Broccoli, Blue Star Gai Lan (Organic)
Brassica oleracea. 45-60 days.
Our favorite variety of Chinese broccoli chosen from trials that included eight contestants. We like Blue Star’s moderately thick stems, incredible flavor, and easy-to-grow nature. Small plants send up stems up to 1″ thick, with small broccoli-like clusters on top. Due to the small stature, Gai Lan should be grown at tighter spacing than standard broccoli varieties. We recommend 4-6″ spacing in row. There are many tropically adapted varieties of Chinese broccoli and, unlike those, Blue Star was very happy in our temperate northern climate. The flavor is robust, somewhere between broccoli and collard greens. An essential and loved vegetable in many culinary traditions, Gai Lan deserves a spot in every garden. In Thailand, where it is known as kana, we have seen it served in pad see ew street noodles and stir fry. Also commonly found in Chinese, Vietnamese and Burmese cuisine. Gai Lan is also known as Chinese kale.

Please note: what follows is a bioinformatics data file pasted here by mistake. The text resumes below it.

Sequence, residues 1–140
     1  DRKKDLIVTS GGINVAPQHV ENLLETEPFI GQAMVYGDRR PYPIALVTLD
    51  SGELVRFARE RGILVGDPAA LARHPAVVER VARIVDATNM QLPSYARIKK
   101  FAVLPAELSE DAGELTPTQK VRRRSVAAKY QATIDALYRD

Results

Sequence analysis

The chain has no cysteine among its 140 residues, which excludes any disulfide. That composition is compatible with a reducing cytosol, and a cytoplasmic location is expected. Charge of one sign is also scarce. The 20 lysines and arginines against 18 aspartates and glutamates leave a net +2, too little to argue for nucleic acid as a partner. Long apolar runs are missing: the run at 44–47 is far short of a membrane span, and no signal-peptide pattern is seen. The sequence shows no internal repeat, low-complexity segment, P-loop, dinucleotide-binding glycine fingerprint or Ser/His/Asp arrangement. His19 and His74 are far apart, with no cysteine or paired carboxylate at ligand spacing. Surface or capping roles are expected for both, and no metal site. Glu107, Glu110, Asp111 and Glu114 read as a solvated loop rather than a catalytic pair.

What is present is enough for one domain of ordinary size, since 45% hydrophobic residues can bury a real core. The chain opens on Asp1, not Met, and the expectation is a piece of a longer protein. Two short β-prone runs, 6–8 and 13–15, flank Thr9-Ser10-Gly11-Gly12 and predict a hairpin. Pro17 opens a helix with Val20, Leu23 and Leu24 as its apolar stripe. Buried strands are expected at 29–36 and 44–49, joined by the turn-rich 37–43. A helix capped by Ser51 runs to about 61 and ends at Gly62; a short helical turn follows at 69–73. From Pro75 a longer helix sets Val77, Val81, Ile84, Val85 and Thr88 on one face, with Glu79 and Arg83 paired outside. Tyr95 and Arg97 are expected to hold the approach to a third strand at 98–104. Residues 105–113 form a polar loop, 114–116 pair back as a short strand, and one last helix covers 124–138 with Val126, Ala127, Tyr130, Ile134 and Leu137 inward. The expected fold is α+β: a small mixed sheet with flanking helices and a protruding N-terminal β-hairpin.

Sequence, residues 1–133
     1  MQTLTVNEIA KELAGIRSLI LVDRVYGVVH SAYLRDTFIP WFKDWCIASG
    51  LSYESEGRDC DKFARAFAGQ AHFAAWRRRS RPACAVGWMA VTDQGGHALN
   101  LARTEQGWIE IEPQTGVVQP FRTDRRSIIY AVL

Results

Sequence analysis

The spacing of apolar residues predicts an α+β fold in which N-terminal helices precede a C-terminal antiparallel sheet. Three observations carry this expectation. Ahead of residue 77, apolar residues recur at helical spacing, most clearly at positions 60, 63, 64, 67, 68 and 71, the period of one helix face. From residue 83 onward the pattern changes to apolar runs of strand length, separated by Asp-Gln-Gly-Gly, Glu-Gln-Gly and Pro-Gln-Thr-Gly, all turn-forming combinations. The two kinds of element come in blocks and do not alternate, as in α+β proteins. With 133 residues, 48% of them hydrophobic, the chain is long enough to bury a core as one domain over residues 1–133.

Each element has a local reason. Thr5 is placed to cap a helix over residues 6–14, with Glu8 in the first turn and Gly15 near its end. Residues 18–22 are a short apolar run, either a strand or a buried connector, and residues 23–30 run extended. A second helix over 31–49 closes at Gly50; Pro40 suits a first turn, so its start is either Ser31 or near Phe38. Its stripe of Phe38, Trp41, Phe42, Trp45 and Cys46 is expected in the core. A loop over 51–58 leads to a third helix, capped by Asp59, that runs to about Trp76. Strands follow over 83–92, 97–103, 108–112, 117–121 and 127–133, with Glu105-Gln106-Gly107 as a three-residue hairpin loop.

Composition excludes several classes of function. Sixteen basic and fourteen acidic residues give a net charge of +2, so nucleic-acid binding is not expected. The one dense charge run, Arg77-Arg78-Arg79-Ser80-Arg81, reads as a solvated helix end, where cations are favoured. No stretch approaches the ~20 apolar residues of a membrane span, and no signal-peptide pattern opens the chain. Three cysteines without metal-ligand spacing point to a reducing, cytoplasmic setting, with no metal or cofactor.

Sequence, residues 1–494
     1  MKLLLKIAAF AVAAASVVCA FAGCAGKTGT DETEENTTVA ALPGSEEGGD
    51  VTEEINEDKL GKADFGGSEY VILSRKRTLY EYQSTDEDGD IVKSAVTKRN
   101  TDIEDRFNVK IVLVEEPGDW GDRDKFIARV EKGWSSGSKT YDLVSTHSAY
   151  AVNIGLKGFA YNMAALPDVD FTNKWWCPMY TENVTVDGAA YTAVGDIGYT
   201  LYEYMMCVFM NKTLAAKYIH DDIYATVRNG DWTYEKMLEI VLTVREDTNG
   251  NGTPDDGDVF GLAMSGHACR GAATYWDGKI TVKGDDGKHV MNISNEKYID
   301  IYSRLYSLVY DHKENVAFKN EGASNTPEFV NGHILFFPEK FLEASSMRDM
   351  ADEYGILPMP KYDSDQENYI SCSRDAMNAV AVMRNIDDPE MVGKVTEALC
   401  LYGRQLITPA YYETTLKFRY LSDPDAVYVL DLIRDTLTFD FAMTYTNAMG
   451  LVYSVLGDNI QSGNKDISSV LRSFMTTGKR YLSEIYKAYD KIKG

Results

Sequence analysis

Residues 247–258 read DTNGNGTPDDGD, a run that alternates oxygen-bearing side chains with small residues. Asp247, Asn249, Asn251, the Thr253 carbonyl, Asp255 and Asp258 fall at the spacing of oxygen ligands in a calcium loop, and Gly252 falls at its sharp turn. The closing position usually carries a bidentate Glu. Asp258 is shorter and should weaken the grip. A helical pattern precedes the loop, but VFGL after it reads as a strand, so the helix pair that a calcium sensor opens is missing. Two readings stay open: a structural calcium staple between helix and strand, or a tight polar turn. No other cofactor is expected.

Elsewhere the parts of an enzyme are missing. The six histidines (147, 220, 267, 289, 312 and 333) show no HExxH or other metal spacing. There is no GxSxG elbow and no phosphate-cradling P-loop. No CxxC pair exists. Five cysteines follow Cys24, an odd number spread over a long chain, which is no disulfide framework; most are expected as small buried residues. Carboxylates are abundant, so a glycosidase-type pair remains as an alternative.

Seed produced by Deep Harvest Farm, on Whidbey Island, Washington.
As required by the Oregon Department of Agriculture and the Washington Crucifer Quarantine, all Brassica family seed lots have been tested and found negative for blackleg (Phoma lingam) by an approved, certified lab.
Sow indoors in flats with good potting soil February through July. Transplant into the garden about 3-4 weeks after sprouting, with rows spaced 10-12″ apart and plants spaced 4-6″ in-row. May also be direct sown. Harvest before the first flower buds open. A good choice for autumn gardens.
Collect seed from 50 or more early spring-sown plants when pods are dry. Dance on seed stalks on a tarp to thresh. Collect seeds and winnow to clean. Isolate when flowering from other flowering Brassicas of the same species, B. oleracea, by ½ mile.